In total, 708 children were included in the study. The 28 children age 1-2 months and the 103 controls were analyzed separately. Of the 577 remaining, 56% were boys and the average participant age was 21 months. In total, 506 of the cases had conclusive diagnoses – 406 unanimous and 100 majority agreement by the pediatricians – of which 71 were considered bacterially caused and 435 virally caused. Using majority agreement as a standard in the analysis, the index was found to align with the pediatricians’ bacterial diagnosis 86.7% of the time and non-bacterial diagnosis 91.1% of the time. The index was found to correctly classify a case as viral 8.6% of the time more than the standard CRP assay and 6.3% more than the standard PCT assay. Using unanimous agreement as a standard, the index was found to align with the pediatricians’ bacterial diagnosis 87.8% and non-bacterial diagnosis 93.0% of the time. For the children aged 1-2 months with a conclusive diagnosis, all 28 were classified by the index correctly. Using laboratory confirmation for infection with one or more of 15 common viruses or bacteria in the blood as a standard, the index aligned with a laboratory-based bacterial diagnosis 88.9% of the time and non-bacterial diagnosis 92.8% of the time.

Overall, the results of this study found the TRAIL, IP-10, and CRP ImmunoXpert assay superior to the standard CRP and PCT assays for identifying viral infections in children 2-60 months with a fever. Though similar results were observed in children 1-2 months, a larger sample size will be required to produce conclusive data. As the time between hospital admission and study recruitment was not taken into account, the effect of this variable, i.e. with respect to worsening or improvement of symptoms, on diagnostic accuracy was not taken into account. Though unaware of their patients’ index scores, the pediatricians were privy to patient medical data, including results of the standard CRP assay, which may have influenced their diagnoses. The diversity of the study population and of pediatric expertise represented in this study are to its credit, increasing the generalizability of its results to similar patient populations. Future research may be required to determine the accuracy of this diagnostic tool in children with coinciding diseases, chronic infections, and immunodeficiency. If found to be cost-effective, assays examining levels of TRAIL, IP-10, and CRP, such as the ImmunoXpert assay, may serve as reliable ways to identify non-viral infections in children.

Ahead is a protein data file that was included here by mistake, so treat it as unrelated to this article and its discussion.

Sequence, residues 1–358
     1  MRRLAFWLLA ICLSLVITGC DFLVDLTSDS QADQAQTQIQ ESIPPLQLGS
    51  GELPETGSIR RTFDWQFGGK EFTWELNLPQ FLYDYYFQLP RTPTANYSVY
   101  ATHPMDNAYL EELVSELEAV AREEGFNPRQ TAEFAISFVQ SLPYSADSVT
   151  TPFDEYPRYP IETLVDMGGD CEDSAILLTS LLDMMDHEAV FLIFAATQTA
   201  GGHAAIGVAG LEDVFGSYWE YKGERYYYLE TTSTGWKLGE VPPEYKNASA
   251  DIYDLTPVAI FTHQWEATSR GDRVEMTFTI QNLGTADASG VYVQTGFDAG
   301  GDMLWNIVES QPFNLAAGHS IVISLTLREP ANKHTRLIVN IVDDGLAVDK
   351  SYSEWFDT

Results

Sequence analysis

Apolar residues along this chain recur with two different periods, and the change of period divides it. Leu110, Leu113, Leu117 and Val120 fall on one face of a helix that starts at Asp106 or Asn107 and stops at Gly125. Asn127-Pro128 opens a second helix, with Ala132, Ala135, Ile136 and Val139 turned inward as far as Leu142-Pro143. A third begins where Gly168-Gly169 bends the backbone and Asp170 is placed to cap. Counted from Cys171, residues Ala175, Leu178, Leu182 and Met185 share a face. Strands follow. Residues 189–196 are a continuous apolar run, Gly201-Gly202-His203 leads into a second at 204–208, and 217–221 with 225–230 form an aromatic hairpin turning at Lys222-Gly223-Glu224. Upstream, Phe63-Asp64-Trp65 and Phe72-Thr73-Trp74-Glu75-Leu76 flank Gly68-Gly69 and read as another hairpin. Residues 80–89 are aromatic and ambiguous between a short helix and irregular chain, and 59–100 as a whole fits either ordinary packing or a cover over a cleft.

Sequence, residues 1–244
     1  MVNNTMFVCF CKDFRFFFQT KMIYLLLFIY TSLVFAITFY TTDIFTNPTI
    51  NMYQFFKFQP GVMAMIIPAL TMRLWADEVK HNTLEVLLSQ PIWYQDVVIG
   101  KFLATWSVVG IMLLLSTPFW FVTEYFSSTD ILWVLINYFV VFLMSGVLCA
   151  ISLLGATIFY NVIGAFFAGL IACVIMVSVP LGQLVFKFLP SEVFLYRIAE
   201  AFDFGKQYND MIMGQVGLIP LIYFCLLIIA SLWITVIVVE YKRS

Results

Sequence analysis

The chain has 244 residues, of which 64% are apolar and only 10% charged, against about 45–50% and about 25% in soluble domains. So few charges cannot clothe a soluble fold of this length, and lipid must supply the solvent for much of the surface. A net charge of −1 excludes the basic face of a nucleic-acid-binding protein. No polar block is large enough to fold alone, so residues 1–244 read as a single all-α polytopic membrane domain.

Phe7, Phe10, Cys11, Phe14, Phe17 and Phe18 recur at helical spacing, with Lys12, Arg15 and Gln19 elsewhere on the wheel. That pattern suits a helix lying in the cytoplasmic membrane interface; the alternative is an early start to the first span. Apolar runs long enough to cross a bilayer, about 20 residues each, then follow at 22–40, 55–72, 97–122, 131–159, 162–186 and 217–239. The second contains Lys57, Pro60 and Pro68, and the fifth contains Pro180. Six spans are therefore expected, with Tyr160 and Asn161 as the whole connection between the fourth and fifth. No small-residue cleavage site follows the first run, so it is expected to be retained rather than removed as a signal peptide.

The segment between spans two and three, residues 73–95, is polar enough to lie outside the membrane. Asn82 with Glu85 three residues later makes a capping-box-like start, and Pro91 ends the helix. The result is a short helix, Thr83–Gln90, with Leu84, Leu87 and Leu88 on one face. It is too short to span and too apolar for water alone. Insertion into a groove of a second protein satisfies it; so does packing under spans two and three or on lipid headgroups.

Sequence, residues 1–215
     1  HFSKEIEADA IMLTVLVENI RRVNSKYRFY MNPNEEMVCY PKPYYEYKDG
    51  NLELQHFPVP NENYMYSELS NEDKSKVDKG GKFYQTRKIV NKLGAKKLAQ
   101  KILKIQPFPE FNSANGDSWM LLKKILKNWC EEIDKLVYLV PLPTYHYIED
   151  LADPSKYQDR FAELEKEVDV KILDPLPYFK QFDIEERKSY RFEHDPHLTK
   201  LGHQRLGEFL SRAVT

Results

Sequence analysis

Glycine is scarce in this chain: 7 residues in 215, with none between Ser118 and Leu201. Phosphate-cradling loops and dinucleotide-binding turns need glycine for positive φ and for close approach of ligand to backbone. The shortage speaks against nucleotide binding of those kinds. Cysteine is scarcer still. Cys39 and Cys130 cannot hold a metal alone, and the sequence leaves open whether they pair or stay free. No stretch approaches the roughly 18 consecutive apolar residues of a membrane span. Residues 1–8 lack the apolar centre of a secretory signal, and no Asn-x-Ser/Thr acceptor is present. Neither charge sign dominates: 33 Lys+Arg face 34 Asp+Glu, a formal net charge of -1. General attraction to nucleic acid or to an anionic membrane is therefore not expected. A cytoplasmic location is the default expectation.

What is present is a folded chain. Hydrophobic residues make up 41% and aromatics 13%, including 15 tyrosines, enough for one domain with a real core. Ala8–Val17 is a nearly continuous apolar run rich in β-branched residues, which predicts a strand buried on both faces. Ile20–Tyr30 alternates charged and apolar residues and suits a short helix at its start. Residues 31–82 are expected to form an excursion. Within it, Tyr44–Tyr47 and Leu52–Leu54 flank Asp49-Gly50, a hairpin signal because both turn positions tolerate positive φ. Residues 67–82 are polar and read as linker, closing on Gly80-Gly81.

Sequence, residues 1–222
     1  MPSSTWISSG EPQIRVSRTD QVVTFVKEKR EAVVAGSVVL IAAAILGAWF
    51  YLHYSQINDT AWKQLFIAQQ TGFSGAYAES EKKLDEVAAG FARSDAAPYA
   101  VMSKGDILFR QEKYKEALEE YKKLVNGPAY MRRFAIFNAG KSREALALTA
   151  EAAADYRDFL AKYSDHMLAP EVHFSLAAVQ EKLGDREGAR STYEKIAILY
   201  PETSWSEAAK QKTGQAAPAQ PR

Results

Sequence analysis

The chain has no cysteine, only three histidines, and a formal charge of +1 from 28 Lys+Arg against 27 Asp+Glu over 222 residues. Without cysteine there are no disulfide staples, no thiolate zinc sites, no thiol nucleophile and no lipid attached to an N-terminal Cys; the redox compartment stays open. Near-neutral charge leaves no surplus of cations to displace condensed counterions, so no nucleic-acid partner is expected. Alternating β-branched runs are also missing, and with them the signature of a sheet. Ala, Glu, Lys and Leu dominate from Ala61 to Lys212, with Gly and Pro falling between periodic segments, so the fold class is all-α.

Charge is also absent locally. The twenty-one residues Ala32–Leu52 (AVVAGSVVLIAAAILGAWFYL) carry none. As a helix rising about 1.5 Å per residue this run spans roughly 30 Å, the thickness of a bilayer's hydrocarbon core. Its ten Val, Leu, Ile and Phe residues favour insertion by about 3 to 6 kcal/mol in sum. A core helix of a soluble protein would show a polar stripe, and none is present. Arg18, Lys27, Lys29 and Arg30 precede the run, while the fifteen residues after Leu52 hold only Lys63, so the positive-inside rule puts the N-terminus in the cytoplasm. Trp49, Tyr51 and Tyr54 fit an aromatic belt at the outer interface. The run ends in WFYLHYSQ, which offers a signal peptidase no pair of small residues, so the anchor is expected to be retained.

Written By: Raishard Haynes, MBS